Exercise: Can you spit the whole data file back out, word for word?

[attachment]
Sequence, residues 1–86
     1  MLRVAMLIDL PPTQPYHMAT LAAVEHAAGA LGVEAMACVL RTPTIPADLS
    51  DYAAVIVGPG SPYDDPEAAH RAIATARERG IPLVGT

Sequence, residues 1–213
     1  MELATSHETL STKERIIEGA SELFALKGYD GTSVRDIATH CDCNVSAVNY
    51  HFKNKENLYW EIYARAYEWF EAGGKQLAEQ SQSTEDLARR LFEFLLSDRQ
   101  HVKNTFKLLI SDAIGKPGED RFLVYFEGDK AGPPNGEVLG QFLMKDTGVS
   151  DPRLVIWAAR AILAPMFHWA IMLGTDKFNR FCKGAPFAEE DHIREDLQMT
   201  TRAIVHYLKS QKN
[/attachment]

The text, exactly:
Sequence, residues 1–86
     1  MLRVAMLIDL PPTQPYHMAT LAAVEHAAGA LGVEAMACVL RTPTIPADLS
    51  DYAAVIVGPG SPYDDPEAAH RAIATARERG IPLVGT

Sequence, residues 1–213
     1  MELATSHETL STKERIIEGA SELFALKGYD GTSVRDIATH CDCNVSAVNY
    51  HFKNKENLYW EIYARAYEWF EAGGKQLAEQ SQSTEDLARR LFEFLLSDRQ
   101  HVKNTFKLLI SDAIGKPGED RFLVYFEGDK AGPPNGEVLG QFLMKDTGVS
   151  DPRLVIWAAR AILAPMFHWA IMLGTDKFNR FCKGAPFAEE DHIREDLQMT
   201  TRAIVHYLKS QKN